14 days ago
The portrait below was one my father owned. On his demise I picked it up as nobody else wanted it. The writing in the top left-hand corner says that it is James Bertie, the 1st Earl of Abingdon, a man who lived from 1653-99 and was a fairly important figure in 17th century politics. But was this a genuine portrait and how did it come into our possession?
883 days ago
It was in the small town of Zitsa that Lord Byron sheltered from a thunderstorm when riding with his friend Cam Hobhouse in 1809. Poems from that episode duly followed. My Aunt L, to whom I chatted today from Delphi on Cochrane matters, married a Hobhouse but it was not that 1809 sheltering or Byron that took myself and Joshua to Zitsa yesterday.
1005 days ago
Almost finally, in the small selection of photos uncovered by cousin John Stafford and found in the papers of Sir John Winnifrith is one of the woman at the heart of the mystery, Edith Maude Winnifrith. This shot is from 1899 when she would have been c24. Now look at the nose and chin.
1013 days ago
Among those things I collected from the house of my late father in Shipston yesterday were some ancient photo albums and several boxes of family papers and documents. I have started reading but these things almost make me tearful.
2204 days ago
My father's mother Lesbia Winnifrith (nee Cochrane) was noted for many things, not least foir me being - as are all Cochranes - a great Hellenophile. Playing rugby with the boys at the Dragon School, being pretty useful at cricket and also the undisputedly best player of mass family games of Racing Demon were some of those things I remember. There is a story from the war, involving travel from when my father, aged three, returned from evacuation in Westmoreland.
2247 days ago
170 years ago my Church of Ireland forebears were sitting happily at Edenmoor, a country house in Donegal with bellies full while in the fields outside the poor catholics starved. Actually Donegal got off relatively lightly with its population falling by less than 20%. In Clare or Mayo the events of the Irish famine were truly terrible. A million Irish folks died and the same number emigrated. There is little doubt that British Corn Laws and the exploitative nature of the Landlord tenant relationship added to the woes of the potato blight. We Brits & the Cochranes of Ballybofey and their ilk have a good deal to answer for.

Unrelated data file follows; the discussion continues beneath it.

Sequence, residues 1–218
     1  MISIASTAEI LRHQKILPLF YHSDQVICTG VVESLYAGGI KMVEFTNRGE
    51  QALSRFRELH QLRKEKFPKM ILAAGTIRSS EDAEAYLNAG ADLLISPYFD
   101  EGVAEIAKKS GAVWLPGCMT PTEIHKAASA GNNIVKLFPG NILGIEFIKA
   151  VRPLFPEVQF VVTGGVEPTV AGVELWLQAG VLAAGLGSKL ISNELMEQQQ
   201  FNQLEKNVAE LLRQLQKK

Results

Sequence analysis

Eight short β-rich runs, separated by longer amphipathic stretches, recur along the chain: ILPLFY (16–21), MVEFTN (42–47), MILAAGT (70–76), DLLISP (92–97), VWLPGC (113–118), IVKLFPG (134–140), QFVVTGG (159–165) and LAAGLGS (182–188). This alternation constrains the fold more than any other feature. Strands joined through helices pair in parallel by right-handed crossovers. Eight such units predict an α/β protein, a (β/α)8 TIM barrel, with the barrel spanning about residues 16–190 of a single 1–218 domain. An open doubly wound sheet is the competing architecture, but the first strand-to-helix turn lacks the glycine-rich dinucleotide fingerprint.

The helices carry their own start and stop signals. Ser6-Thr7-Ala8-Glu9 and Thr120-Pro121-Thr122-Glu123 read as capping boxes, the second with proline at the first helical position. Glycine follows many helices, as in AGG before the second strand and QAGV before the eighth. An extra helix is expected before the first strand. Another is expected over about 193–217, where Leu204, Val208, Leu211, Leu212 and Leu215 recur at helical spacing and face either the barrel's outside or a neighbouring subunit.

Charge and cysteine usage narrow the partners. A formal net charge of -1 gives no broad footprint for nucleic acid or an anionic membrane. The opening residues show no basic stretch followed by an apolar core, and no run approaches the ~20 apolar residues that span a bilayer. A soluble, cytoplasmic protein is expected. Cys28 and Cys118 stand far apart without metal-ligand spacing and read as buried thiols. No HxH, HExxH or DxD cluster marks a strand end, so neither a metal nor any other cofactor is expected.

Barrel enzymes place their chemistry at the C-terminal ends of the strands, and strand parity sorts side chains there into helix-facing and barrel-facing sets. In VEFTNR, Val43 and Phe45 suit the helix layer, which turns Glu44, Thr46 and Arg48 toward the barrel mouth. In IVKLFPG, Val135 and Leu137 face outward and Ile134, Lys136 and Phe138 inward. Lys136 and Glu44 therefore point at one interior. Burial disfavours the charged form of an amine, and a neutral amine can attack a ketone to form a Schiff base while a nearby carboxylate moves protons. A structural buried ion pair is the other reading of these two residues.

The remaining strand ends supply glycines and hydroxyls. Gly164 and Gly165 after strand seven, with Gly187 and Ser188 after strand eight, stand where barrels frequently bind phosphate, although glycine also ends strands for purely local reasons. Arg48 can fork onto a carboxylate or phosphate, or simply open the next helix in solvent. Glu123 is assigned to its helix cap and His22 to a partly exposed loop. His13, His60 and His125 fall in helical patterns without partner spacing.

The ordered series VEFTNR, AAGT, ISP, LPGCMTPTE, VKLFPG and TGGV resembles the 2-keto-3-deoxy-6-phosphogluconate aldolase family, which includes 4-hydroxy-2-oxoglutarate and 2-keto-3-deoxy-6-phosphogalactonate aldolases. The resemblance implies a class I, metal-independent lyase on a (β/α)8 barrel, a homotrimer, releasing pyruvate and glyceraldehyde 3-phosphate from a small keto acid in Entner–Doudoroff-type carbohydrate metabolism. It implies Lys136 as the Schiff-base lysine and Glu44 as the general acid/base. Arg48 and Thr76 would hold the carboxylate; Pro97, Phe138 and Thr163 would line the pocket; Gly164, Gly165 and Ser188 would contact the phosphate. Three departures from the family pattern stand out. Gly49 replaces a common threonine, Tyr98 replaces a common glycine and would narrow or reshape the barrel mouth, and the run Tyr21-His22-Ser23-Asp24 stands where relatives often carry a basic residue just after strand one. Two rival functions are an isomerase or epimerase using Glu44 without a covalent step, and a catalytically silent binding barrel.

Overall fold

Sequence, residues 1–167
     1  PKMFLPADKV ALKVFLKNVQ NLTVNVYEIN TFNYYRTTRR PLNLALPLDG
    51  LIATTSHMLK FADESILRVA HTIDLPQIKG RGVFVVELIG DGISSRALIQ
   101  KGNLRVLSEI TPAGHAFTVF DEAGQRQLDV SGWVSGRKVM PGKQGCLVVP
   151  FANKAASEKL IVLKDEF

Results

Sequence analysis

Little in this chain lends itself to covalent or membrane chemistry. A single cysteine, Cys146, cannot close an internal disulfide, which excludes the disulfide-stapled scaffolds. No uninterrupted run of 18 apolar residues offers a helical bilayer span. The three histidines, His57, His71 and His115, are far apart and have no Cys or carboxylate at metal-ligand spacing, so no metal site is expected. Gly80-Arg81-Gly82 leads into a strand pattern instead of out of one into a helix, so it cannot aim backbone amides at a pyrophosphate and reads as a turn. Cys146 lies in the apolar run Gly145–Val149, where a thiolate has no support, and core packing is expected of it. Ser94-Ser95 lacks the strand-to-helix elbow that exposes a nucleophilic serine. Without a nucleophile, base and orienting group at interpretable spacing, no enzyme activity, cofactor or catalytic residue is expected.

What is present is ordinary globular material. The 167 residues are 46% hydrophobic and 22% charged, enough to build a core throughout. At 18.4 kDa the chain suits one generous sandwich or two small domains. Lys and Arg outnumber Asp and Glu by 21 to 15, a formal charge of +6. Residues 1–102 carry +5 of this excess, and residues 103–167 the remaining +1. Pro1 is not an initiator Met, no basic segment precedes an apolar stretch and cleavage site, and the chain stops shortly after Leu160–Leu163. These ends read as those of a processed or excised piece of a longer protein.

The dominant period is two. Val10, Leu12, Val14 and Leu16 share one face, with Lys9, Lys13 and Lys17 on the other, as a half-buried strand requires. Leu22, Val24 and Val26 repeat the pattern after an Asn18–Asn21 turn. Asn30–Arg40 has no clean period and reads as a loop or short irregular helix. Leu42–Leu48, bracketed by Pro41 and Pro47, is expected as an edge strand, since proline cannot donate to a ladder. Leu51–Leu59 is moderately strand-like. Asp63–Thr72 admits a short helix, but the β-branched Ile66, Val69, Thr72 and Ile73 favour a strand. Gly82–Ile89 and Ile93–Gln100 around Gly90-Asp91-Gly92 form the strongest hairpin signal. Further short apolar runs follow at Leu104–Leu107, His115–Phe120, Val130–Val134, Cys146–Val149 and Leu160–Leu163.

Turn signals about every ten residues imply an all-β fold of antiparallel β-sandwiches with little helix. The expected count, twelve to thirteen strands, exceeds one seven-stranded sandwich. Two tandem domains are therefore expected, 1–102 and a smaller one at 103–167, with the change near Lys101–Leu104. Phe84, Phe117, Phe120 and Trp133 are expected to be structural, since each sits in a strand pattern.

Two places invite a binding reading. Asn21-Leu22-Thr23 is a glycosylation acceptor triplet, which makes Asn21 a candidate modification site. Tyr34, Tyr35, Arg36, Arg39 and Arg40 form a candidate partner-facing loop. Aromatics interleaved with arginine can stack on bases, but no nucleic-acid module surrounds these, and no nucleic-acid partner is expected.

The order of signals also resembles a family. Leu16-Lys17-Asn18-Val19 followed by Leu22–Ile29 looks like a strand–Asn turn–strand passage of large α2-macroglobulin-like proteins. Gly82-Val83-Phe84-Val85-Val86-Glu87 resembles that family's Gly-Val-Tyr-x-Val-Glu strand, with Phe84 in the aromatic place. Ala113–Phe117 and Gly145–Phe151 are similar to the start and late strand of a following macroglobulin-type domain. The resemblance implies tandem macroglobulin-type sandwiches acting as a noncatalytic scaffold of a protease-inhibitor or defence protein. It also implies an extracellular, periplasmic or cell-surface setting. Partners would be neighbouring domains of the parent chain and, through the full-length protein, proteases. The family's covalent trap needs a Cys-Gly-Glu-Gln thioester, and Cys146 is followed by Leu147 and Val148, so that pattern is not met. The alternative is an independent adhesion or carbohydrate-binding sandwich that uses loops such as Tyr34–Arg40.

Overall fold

3217 days ago
Long, long chats yesterday with a Liverpool lawyer and a helpful reader email allow me, I think, to explain why the underlying cashflow miss at Quindell in H2 2014 was in fact UP TO £85 million ( not the £45-60 million I had demonstrated). And I think the key to the miss is accruals and when Quenron started its Industrial Deafness push and how it accrues for it. This is a bit geeky but I believe explains the mystery in full. It has clear implications for the Rob Terry insider dealing case, demonstrates clear market abuse and also if one reads through to 2015 shows why Quindell is insolvent. I also try to explain why I have never had the surname Cochrane (sorry Quindell Quislings). And I cover the importance of the Tosca news.
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3330 days ago
The nature of my mother’s death has been raised by certain “admirers” of mine on Bulletin Boards, the circumstances of my Aunt’s death I have mentioned en passant here before. There are no secrets in the era of the interweb. Both deaths were mentioned in an article by their brother, my Uncle Chris (Booker) in the Daily Mail last week. Slowly I read it early on Saturday morning as it brought a number of thoughts to the surface. Matters not suppressed just forgotten or not reflected upon for a long while. My mother killed herself. My aunt was murdered. There you have it. A shocking couple of sentences.
My mother died when I was eight and my sisters seven and five. She had become terribly depressed in that amazing sun drenched year of 1976 and – as I discovered only later – first tried to end her life at the height of summer while the rest of us were out walking. My father found her, revived her but thereafter she was confined to various hospitals in Northamptonshire, Banbury and finally in Oxford, the City where she had studied, met my father and where I was born. I saw her once that autumn at the Trout at Godstow and she seemed happy. She clearly was not and within weeks she had hanged herself. I remember being taken out of class by a lovely teacher who was almost in tears as she told me that my mother was dead. I cannot remember how I felt or what happened next. I did not find out how she died until I was fourteen.
Not having a mother was a little unusual in those days